Even a small backyard telescope can reveal the orbital motion of a binary star — as long as you have a little patience! These sketches, based on observations I made with my 3-inch f/10 reflecting telescope at 120x, show the position shift of Castor between 1976 (at left) and 2008 (right).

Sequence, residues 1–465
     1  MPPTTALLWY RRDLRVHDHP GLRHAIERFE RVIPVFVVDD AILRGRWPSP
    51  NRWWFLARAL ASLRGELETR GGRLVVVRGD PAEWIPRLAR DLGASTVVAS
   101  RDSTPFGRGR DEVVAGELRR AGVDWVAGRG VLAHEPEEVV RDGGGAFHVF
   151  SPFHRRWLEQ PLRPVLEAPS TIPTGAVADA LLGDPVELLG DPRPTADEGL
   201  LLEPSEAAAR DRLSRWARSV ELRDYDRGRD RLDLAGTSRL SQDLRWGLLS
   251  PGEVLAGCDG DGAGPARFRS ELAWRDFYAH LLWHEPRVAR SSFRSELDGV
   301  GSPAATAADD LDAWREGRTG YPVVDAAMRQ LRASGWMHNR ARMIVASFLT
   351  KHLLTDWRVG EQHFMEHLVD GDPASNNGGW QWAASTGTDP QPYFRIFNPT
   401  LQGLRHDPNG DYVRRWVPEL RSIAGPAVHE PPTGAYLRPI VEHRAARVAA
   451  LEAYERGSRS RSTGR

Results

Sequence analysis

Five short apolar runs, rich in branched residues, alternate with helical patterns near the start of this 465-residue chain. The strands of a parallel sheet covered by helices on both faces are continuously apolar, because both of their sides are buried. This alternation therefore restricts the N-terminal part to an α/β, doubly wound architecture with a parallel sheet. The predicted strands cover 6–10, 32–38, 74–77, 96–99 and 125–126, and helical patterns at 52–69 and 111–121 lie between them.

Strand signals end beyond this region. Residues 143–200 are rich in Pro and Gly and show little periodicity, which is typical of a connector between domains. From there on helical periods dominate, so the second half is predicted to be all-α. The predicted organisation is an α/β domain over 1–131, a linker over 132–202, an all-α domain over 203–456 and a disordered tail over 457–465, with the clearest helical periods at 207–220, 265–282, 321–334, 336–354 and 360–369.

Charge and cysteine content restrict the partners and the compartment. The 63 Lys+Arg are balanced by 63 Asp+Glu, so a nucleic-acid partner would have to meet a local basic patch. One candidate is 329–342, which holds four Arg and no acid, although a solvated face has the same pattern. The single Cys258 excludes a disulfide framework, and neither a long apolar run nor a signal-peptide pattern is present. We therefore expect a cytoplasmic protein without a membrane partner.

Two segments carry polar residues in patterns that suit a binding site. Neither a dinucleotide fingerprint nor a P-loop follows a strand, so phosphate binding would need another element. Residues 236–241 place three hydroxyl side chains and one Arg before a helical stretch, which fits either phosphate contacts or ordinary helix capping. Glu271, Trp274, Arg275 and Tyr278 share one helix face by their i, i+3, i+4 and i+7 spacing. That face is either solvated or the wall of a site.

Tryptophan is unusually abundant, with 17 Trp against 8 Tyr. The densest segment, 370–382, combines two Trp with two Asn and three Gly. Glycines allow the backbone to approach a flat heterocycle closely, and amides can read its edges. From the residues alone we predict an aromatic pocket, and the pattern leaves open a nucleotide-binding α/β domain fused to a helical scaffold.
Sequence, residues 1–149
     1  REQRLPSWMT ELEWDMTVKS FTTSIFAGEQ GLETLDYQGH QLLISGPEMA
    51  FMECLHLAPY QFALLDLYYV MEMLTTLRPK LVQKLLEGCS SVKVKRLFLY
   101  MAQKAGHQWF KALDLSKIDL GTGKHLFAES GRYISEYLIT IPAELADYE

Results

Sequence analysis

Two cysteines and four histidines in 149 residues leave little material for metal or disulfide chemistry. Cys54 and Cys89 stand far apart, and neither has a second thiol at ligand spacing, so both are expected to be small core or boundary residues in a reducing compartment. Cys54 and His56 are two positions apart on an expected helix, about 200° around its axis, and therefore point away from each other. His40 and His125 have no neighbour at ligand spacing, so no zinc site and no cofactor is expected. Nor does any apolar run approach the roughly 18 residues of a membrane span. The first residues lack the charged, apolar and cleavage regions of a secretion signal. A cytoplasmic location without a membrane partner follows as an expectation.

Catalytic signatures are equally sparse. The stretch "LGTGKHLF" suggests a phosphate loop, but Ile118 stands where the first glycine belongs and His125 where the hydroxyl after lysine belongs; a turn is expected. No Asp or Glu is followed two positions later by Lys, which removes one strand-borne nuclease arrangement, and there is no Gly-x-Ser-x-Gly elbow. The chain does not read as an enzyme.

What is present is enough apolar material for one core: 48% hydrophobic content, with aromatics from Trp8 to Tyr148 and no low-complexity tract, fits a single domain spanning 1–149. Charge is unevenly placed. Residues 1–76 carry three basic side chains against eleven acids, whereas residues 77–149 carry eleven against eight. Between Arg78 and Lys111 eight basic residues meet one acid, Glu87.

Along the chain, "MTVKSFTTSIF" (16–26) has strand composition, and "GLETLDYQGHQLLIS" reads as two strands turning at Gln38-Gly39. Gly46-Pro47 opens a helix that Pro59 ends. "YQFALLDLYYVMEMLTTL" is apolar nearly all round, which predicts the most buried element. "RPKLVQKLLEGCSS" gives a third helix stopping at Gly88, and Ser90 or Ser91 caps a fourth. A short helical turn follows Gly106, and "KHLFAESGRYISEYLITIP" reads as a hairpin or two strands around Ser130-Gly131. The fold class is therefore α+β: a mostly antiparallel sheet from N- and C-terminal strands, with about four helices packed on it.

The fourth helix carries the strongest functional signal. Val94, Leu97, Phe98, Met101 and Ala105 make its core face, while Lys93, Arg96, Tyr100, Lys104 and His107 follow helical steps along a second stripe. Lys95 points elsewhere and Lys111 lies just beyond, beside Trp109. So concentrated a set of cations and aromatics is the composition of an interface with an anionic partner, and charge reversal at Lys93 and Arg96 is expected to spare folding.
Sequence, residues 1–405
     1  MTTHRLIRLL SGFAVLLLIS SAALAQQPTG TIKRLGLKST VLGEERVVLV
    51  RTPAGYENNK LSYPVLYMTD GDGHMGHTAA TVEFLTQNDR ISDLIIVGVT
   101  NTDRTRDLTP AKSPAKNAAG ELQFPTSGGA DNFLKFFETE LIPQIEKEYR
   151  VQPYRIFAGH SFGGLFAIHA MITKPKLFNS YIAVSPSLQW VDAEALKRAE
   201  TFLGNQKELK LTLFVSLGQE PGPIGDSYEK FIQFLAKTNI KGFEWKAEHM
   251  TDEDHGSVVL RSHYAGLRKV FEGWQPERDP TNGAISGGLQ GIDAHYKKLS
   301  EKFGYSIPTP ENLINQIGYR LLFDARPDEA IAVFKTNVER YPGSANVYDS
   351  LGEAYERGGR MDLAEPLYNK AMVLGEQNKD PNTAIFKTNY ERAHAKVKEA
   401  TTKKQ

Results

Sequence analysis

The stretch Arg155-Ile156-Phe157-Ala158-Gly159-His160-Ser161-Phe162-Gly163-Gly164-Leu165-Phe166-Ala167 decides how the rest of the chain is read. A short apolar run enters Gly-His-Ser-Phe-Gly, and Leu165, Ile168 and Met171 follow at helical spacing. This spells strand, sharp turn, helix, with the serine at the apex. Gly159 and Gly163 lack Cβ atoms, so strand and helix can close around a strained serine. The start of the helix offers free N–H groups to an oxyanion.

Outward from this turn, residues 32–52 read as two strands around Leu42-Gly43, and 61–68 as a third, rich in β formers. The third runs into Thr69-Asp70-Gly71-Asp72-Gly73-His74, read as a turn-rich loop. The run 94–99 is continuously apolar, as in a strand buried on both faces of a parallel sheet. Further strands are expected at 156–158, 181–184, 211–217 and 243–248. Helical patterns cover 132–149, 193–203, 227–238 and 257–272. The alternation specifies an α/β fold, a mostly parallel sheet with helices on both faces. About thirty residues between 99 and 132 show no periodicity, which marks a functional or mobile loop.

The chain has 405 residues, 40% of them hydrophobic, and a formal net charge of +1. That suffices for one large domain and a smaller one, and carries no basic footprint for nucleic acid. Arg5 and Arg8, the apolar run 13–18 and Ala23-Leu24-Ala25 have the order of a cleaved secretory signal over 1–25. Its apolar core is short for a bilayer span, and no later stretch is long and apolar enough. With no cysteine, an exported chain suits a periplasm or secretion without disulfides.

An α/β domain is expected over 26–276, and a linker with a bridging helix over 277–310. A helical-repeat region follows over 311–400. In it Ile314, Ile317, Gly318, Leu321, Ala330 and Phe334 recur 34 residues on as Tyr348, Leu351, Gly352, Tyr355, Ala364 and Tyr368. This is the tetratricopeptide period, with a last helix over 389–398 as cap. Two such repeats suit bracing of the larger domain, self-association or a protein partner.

In my July 2011 column, I wrote about observing visual binaries over a lifetime as they undergo a large portion of their orbits. I’ve followed the orbital shift of a trio of binary stars, including Alpha (α) Geminorum, better known as Castor. Attempting to split this magnitude 1.9 and 2.9 pair in 1970 proved marginally successful. At the time, the two were separated by 1.8″ — as close to one another as they can get (an orbital position called “periastron”). Six years later, they had widened enough (2.1″) to be cleanly split at 120x. At present, half that magnification will reveal both components, now separated by a comfortable 5.0″. They will remain an easy small-scope target until their next periastron sometime during the 25th century.